Story and photo by James Coburn, Staff Writer
Maintaining the general flow of incoming and outgoing patient care at Community Hospital South, located in Oklahoma City, comes from the experienced and well-organized leadership of Stormy Pearce, RN, and house supervisor. And in doing so, she appreciates the initiative taken by her synergetic nursing staff who is dedicated to patient centered care.
“Being compassionate, talking to patients and their families, there’s not a day that I walk out of here that I don’t feel satisfied by a connection throughout the day or just a talk with a patient,” Pearce said. “There’s always something going on. And patients are appreciative. Their family members are very appreciative of you taking the time out to talk to them.”
Pearce’s enthusiastic persona is an effective resource for the staff’s education and guidance. Her preference is to spend most of her time with her staff out of her office. She can often be found sitting beside her unit secretary where nurses pass by frequently.
“I like to be visible where the staff can see me and can ask questions,” Pearce said. “If they need something they will say, ‘Hey Stormy, can you come medicate this patient,’ I help them in any way that I can.” (story continues below)
Also, she assists in the ER whenever it’s busy and nurses need help. There could be anything from a code, to starting IVs for blood cultures. The ER has five beds, but hospital rooms can be used whenever a need arises. There is also a three-bed ICU.
“I just try to help, actually the entire facility,” she said while two patients were in the ICU.
A typical day within the hospital will have up to 10 hospital nurses at work with a ratio of four nurses to every patient, Pearce said. That type of ratio brings exceptional patient care.
On Fridays the nurses wear t-shirts which is a nice change from wearing their scrub top, she said. The new shirts boast of Community Hospital’s 5-star rating for overall quality and patient satisfaction. Also, the Joint Replacement Excellence Award, and the hospital’s award of being among America’s 100 Best Hospitals for Orthopedic Surgery from The Centers for Medicare and Medicaid Services (CMS) assigned “Star Ratings”.
“We have a phenomenal group of nurses, patient care techs, unit secretaries, and our physical therapists. They come to work — a lot of them have been here for ages, like our physical therapist for 20 years. A lot of the nursing staff here have been here from 10 to 15 years,” Pearce continued. “So, their hard work, their dedication and excellent patient care add up. We have a lot of agency contract nurses, too, that are absolutely amazing. I feel like we are blessed that we’re not working short-handed. We just have an amazing group of staff here that are dedicated to taking care of the patients.”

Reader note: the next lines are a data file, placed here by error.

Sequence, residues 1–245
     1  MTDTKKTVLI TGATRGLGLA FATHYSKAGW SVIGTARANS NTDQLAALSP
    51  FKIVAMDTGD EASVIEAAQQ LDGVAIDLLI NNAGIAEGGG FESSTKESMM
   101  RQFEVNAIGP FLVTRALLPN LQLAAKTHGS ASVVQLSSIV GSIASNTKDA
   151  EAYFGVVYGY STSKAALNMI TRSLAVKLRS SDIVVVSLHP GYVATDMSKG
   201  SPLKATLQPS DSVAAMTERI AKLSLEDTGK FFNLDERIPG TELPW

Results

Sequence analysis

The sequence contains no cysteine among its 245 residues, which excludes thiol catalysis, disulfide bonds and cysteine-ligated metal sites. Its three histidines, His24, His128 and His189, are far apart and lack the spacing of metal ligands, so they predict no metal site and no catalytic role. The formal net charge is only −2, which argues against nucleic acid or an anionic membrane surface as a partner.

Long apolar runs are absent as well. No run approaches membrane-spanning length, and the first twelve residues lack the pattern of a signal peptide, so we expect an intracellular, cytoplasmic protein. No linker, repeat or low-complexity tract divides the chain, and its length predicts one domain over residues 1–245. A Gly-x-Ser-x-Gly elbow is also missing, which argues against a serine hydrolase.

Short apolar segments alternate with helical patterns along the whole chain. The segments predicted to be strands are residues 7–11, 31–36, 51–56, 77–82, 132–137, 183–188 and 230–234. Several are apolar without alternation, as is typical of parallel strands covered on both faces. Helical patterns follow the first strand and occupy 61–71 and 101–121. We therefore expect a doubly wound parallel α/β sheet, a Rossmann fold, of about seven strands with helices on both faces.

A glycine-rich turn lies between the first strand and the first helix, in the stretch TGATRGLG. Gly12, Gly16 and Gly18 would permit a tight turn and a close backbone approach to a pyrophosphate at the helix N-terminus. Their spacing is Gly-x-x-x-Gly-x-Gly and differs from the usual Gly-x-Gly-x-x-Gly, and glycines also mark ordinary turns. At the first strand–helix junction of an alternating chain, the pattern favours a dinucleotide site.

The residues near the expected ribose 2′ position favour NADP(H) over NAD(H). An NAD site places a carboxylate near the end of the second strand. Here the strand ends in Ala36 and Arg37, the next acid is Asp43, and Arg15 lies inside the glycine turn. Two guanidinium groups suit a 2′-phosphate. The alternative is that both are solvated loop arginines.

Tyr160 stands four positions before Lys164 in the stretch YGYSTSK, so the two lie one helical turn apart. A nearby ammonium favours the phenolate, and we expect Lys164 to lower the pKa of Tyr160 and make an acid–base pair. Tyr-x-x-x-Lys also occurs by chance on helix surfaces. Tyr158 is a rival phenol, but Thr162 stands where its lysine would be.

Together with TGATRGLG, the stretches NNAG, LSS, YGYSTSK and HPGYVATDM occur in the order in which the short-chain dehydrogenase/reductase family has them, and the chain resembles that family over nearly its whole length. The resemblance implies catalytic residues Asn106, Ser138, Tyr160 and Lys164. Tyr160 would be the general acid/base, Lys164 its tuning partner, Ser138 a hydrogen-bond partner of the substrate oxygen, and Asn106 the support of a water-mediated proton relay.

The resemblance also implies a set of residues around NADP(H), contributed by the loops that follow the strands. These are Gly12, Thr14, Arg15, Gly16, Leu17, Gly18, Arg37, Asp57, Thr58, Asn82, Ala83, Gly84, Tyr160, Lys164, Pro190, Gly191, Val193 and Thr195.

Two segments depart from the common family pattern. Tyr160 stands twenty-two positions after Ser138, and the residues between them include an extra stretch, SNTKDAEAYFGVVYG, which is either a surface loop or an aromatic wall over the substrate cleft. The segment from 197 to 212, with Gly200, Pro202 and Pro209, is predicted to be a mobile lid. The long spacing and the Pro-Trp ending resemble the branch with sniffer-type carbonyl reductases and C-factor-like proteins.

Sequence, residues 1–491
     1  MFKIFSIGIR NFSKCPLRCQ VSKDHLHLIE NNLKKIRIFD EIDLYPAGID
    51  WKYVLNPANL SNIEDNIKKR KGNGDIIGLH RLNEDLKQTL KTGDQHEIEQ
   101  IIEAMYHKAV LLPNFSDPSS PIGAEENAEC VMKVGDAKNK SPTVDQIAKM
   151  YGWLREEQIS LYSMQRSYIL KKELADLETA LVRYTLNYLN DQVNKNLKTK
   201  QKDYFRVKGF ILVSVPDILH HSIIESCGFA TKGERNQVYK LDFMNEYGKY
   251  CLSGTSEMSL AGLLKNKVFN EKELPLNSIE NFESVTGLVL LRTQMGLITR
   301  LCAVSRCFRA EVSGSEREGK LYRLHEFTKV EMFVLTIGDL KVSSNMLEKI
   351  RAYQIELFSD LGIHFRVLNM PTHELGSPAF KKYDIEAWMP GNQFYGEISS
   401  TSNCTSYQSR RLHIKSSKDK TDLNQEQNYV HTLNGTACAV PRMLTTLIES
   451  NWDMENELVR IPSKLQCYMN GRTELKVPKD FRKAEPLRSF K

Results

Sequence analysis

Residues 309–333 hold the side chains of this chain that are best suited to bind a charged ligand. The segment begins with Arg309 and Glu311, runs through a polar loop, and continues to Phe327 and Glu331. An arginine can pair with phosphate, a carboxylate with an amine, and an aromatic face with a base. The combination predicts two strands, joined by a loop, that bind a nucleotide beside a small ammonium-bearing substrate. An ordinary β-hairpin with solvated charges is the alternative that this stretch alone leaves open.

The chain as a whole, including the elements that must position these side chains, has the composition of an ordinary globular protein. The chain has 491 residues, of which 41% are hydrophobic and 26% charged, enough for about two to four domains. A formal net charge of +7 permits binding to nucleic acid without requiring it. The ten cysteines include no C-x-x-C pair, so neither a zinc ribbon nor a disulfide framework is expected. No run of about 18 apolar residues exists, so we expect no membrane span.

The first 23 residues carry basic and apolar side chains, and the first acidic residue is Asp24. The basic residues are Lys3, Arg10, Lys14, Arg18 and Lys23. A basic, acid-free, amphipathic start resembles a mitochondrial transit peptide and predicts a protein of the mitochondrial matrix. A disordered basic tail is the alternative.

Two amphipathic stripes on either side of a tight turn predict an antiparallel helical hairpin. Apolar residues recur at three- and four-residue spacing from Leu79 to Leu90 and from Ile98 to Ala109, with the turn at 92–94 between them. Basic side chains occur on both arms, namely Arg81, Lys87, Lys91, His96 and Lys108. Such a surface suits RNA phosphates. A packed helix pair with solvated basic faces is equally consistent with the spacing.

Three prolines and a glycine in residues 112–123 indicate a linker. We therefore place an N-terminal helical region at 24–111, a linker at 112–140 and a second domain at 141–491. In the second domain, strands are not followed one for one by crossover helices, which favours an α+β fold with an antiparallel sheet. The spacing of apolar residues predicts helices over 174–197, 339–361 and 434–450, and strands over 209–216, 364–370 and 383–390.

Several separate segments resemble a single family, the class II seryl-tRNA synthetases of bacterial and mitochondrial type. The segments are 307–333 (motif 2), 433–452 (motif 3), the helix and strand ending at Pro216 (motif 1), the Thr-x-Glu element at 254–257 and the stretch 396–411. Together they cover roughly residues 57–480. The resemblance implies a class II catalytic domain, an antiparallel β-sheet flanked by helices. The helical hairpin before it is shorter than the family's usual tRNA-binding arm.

Each one brings something different from their experiences, she continued. Together, they blend cohesively and effectively in a team effort.
“Our name is Community Hospital, but I feel like we’re a family belonging to a community. We’re all one little, yet big community. We’re all here to help,” Pearce said. “The director of nursing is great at each facility. They’re all amazing.”
Whenever Pearce needs answers regarding an issue, she can pick up the phone at any hour for a quick response.
Caring for people where they are in life is what led Pearce to become a nurse. Her desire to help people flows from a compassionate heart.
Pearce began her nursing career as a licensed practical nurse in 2007 before becoming a registered nurse in 2010. Memorial Hospital in the Comanche County emergency room was where her career began as an LPN. She was hired to work at SSM Health St. Anthony Hospital soon after earning her RN credential. In 2016 Pearce was hired by Community Hospital’s North as house supervisor at night before coming to Community Hospital South to work the day shift in 2022.
Patients are admitted for different reasons. They bring different levels of anxiety or relief when being admitted to the hospital.
“I think we listen to them,” she said of easing their tension. “As far as an ER patient, I just kind of get to their level, ask them what their fears are, and just try to help them and their family. You just talk to them and understand what their thoughts are, their fears are, and then work through the process with them.”
Nurses give patients a specific timeline of what processes will take place. The constant updates given to patients doesn’t leave them wondering with fear of the unknown.
“I think that will help ease their fears,” she said.